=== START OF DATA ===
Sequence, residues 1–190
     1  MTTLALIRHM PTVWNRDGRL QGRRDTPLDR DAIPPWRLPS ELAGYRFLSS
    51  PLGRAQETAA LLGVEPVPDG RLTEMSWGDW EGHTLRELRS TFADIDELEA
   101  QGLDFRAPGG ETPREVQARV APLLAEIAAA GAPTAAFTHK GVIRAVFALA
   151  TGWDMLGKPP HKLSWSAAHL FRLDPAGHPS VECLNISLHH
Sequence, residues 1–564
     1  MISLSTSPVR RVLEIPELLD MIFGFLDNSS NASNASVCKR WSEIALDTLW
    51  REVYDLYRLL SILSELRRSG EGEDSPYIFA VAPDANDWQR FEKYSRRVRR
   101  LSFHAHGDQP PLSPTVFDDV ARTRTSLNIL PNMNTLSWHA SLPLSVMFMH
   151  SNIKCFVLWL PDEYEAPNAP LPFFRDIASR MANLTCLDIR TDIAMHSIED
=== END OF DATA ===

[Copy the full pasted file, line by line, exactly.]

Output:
Sequence, residues 1–190
     1  MTTLALIRHM PTVWNRDGRL QGRRDTPLDR DAIPPWRLPS ELAGYRFLSS
    51  PLGRAQETAA LLGVEPVPDG RLTEMSWGDW EGHTLRELRS TFADIDELEA
   101  QGLDFRAPGG ETPREVQARV APLLAEIAAA GAPTAAFTHK GVIRAVFALA
   151  TGWDMLGKPP HKLSWSAAHL FRLDPAGHPS VECLNISLHH
Sequence, residues 1–564
     1  MISLSTSPVR RVLEIPELLD MIFGFLDNSS NASNASVCKR WSEIALDTLW
    51  REVYDLYRLL SILSELRRSG EGEDSPYIFA VAPDANDWQR FEKYSRRVRR
   101  LSFHAHGDQP PLSPTVFDDV ARTRTSLNIL PNMNTLSWHA SLPLSVMFMH
   151  SNIKCFVLWL PDEYEAPNAP LPFFRDIASR MANLTCLDIR TDIAMHSIED